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interview with Ali Alatas

Ali Alatas never thought that his training in law and a short stint in journalism would provide the best preparation for the job he would undertake for the rest of his professional life. Little did he know that when he joined the Indonesian Foreign Service in 1954 at the age of 22, Alatas was to involve himself in such varied issues as disarmament, reform of the United Nations, global and regional security, the imbalances in international economic relations, globalization, liberalization and many more in the arena of diplomacy.

In the 12 years as Foreign Minister, Alatas was not only Indonesia's principal spokesman in the international arena, he was also the initiator and formulator of his country's foreign policy. He contributed actively to the formation of organizations as the Non-Aligned Movement, the Group of 77, ASEAN and APEC. As chairman of the Jakarta Informal Meetings and as co-chairman of the International Conference on Cambodia in Paris, he played a key role in the settlement of the Cambodian conflict in the early 1990s. He was also instrumental in the negotiations between the Philippines Government and the Moro National Liberation Front, which led to a peace agreement in 1996 that ended more than two decades of rebellion in southern Philippines.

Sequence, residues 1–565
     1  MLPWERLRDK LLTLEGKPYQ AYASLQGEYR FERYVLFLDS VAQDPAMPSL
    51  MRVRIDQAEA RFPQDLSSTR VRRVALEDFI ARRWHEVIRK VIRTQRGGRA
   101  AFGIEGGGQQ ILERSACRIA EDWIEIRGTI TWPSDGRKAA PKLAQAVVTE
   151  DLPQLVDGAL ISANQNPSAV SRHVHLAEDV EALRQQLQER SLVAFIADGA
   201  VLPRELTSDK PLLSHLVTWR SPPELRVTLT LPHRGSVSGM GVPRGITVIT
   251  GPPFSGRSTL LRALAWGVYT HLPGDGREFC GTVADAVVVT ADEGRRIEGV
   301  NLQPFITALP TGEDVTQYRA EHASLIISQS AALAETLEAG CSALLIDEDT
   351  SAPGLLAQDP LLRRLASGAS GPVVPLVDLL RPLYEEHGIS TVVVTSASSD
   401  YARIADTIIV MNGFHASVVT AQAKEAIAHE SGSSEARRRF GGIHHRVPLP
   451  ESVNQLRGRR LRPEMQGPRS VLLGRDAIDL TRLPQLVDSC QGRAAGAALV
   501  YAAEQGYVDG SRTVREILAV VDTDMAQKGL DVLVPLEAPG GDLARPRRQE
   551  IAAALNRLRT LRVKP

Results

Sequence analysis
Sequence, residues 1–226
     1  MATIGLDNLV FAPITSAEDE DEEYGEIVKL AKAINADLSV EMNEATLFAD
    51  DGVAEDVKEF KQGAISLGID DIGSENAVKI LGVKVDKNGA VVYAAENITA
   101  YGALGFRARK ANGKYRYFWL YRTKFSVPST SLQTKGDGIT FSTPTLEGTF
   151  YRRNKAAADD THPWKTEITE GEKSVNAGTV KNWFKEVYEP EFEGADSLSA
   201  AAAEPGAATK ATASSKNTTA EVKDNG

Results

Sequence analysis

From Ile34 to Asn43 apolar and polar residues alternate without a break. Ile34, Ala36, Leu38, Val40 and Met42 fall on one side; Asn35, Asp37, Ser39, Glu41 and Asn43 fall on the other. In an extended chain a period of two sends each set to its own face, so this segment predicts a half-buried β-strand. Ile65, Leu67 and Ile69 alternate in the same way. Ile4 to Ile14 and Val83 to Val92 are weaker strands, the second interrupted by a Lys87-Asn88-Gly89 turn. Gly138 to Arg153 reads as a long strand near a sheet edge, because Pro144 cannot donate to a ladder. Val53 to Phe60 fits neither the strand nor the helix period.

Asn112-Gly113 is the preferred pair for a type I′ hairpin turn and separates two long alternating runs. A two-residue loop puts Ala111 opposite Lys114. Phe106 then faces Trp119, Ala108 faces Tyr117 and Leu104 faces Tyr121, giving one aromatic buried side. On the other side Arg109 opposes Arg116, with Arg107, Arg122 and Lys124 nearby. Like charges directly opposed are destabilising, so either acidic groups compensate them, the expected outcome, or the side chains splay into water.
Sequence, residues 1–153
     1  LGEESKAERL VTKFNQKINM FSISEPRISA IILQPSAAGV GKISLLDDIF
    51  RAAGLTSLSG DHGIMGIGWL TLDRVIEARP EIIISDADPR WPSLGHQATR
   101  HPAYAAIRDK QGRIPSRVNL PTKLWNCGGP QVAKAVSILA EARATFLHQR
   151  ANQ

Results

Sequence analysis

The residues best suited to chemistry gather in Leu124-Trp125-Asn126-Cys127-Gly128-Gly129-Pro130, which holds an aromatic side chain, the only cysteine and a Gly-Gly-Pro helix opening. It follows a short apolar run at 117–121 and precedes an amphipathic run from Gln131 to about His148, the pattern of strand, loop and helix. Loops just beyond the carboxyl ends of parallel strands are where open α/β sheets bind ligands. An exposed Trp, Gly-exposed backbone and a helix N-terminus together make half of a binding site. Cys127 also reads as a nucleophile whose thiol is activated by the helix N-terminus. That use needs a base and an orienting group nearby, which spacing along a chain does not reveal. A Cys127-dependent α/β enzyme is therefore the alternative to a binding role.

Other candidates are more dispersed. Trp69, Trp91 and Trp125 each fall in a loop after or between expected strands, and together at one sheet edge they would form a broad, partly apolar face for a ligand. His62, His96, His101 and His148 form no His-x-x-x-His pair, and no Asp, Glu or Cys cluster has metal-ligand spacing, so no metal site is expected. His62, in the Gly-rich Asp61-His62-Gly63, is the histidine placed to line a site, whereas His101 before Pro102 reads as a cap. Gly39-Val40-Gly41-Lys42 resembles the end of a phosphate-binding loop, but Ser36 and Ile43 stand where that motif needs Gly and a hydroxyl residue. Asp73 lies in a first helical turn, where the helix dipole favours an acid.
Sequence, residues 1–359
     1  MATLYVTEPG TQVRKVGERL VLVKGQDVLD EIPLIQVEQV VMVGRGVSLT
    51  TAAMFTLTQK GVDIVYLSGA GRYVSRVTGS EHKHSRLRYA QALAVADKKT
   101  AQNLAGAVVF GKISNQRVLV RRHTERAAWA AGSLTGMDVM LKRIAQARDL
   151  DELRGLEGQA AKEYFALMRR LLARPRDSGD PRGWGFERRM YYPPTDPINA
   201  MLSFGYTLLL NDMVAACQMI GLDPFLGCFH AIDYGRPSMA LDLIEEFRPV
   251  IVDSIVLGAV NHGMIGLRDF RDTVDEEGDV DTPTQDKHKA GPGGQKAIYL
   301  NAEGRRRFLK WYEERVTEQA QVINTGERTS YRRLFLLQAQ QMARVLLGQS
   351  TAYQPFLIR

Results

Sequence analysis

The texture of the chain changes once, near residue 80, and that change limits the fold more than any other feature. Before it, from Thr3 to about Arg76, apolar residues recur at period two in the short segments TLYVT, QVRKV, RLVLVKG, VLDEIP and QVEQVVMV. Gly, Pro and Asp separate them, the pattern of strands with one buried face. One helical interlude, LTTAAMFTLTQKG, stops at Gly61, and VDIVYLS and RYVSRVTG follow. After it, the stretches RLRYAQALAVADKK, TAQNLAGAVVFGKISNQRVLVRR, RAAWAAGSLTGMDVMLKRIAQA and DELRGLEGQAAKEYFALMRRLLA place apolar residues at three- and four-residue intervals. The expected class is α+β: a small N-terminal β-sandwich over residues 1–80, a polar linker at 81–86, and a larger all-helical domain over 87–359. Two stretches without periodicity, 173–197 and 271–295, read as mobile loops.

Despite his retirement, Alatas refuses to stay put. As Foreign Affairs Special Advisor to President Susilo Bambang Yudhoyono, he occasionally serves as special envoy to a number of conflict areas. Most recently, he was selected to be among 10 members of ASEAN's Eminent Persons Group, which is tasked with formulating a charter for the Southeast Asian organization.

To this day, Alatas remains passionately committed to the pursuit of enduring peace. As he quoted in his book, A Voice for a Just Peace, "Only peace based on justice, on a recognition of the equal worth of all human lives, the equal validity of all human aspirations, can become true peace."

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Interview with Ali Alatas,
Yuli Ismartono [time 29:58]

Welcome to THE LEADERS. I'm Yuli Ismartono from AsiaViews in Jakarta, Indonesia.

It has been seven years since President Suharto stepped down, after governing the country with an iron fist for more than three decades. After a somewhat chaotic transition, the country seems to be slowly on the road to stability and recovery, although analysts say there is still a long way to go. Meanwhile, ASEAN, of which Indonesia was a founding member, has come of age and is in the process of evolving into the East Asian community.